IIoT & Industrial Ethernet Security: How to Ensure Safety with New IIoT Sensors & Predictive Maintenance
Industrial facilities are among the top five most vulnerable targets for cyberattacks that could result in production stoppage, equipment breakdown worth several millions of dollars, blackouts, or sensitive information leaks. Let’s discusses the top cyber risks and how to prevent them.
With the rise of IIoT and Industry 4.0, industrial ethernet security has become particularly acute because connecting parts of industrial networks to the Internet and cloud services brings not only business value but also additional risks.
The possibility of these risks was shown in the famous movie Live Free or Die Hard (Die Hard 4.0 outside North America) starring Bruce Willis. In the story, cyber-terrorists take out the country's critical facilities. The intruders gain remote access to the traffic control system and unplug it, thereby wreaking chaos on the city's streets. Note: to shut down a central power plant, they had to go directly to this facility and connect to the systems from the inside!
That's how it worked in 2007 when Die Hard was released, and that's how it works now that OPC UA (IEC 62541) for secure data transmission within industrial networks is already widely implemented. There is still no reason for engineers to connect basic enterprise control nodes to the Internet for remote access to industrial networks.
However, there are examples of evading industrial it security not only in movies but also in real life, where attackers have managed to inflict significant damage on businesses:
- In 2010, one of the most famous industrial attacks occurred when the Stuxnet virus hit more than a thousand centrifuges at a uranium enrichment plant in Iran.
- In 2002, the corporate computers of employees at PDVSA, a Venezuelan oil company, were attacked. As a result, oil production was reduced from 3 million to 370,000 barrels per day.
- In 2014, attackers disabled a steel mill in Germany using a phishing attack to gain access to the furnace control system and hack into its shutdown mechanisms.
Large-scale attacks of this kind are infrequent, but their impact is critical to production, which is why not only individual companies but entire industry groups are addressing the issue.
In 2022, the OPC Foundation, PI, ODVA and FieldComm Group, leaders in security standards development, announced the first joint Industrial Ethernet Security Harmonization Group (IESHG) document. It summarises the basics of cyber security in industrial automation: risks, trends, security certifications, how to deal with vulnerabilities and general security provisions.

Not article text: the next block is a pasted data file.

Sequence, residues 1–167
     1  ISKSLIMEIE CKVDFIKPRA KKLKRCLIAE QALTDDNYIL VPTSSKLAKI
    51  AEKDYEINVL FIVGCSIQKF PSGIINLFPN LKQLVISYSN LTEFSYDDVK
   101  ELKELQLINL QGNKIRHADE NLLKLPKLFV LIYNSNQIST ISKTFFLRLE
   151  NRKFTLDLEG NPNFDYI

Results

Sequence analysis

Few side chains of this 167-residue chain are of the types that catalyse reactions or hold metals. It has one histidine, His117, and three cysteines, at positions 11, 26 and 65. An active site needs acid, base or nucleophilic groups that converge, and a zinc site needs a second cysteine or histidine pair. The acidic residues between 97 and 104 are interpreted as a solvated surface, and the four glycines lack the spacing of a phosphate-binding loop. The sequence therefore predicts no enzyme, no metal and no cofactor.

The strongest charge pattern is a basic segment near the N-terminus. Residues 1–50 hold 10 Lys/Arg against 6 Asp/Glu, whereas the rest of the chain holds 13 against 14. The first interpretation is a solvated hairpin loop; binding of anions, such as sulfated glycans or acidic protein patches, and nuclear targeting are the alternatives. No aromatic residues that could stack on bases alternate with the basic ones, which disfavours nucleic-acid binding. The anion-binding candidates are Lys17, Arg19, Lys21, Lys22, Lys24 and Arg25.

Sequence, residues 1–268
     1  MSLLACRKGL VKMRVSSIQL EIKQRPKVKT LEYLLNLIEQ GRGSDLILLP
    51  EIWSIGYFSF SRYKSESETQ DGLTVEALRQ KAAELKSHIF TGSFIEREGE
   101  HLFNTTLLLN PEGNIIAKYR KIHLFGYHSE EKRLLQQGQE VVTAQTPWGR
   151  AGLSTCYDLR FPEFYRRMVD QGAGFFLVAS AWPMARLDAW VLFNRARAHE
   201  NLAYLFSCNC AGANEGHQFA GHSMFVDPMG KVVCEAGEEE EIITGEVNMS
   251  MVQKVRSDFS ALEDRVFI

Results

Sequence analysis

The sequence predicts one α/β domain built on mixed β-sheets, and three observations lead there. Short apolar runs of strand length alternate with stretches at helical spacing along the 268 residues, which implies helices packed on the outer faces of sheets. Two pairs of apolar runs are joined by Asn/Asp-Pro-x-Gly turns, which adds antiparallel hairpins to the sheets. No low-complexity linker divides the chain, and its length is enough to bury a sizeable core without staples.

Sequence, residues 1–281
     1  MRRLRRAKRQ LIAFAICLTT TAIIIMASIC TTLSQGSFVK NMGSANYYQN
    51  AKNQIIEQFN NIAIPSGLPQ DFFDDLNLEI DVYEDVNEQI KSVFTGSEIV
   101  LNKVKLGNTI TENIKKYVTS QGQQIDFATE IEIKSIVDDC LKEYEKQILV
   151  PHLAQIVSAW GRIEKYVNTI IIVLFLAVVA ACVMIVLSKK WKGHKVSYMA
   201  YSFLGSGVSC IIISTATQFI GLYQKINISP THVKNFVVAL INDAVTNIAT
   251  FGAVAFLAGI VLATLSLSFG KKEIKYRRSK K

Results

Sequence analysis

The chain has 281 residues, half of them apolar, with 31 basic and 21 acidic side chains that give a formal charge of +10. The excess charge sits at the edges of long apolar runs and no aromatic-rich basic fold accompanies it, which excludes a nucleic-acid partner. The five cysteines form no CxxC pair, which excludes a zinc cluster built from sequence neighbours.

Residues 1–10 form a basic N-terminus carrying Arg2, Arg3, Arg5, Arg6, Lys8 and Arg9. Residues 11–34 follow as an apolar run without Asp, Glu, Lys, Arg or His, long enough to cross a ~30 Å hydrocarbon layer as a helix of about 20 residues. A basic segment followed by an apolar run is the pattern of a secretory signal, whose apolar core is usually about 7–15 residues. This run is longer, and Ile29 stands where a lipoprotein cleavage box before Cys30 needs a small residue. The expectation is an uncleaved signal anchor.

Industrial network architecture & industrial cyber security: an overview of the basic units
Example of a cloud-oriented industrial architecture from Industrial Cybersecurity Case Studies and Best Practices by International Society of Automation (gca.isa.org)
The diagram above shows an example of a network architecture for an industrial enterprise that uses cloud services. Let's look at it in detail, unit by unit (framed in grey), to understand better the truthful scenario of the Die Hard 4.0 movie we mentioned above.
Unit 1. Production process management via MES or MOM
Unit 1 is the autonomous control of the production process. It involves machines and other industrial equipment with HMIs and controllers (PLCs) connected to plant floor Ethernet switches in an enterprise-wide infrastructure. This entire network and its equipment are managed and controlled locally at the MES or MOM level (Manufacturing Execution System or Manufacturing Operations Management).
Unit 2. Data transfer from sensors to the industrial cloud via an IIoT gateway
Unit 2 is the IIoT network that includes various sensors connected to the IIoT gateway. The data from these sensors is eventually transmitted to the industrial cloud for reporting and analysis. Thanks to cloud computing and other cloud services, industrial enterprises can implement visual monitoring, collect data for predictive maintenance, automatically generate orders for necessary purchases, etc. Unit 2 is not directly related to the production process management (Unit 1), so secure access to the Internet is acceptable. This is where IIoT brings real value to business.
Unit 3. Transferring the status of industrial equipment to the industrial cloud via an IIoT gateway
Unit 3 is the collection of data about materials, industrial robots/machines and workers in production. This information is transmitted by RFID readers, controllers and Bluetooth nodes. The collected data is sent to the IIoT gateway.
As you can see, units 2 and 3 are the most vulnerable part of the process, as this is where the IIoT gateway (and cloud services) comes in.
All three units in a cloud-oriented industrial architecture with industrial DMZ which separates the industrial network components from the Internet
The data from all three blocks is transmitted to the Industrial DMZ (demilitarised zone), a special component for cybersecurity that divides the industrial network into different zones. The DMZ is an intermediate point between the enterprise and the rest of the public Internet. It protects internal network resources against vulnerabilities while transferring permitted information to the cloud server.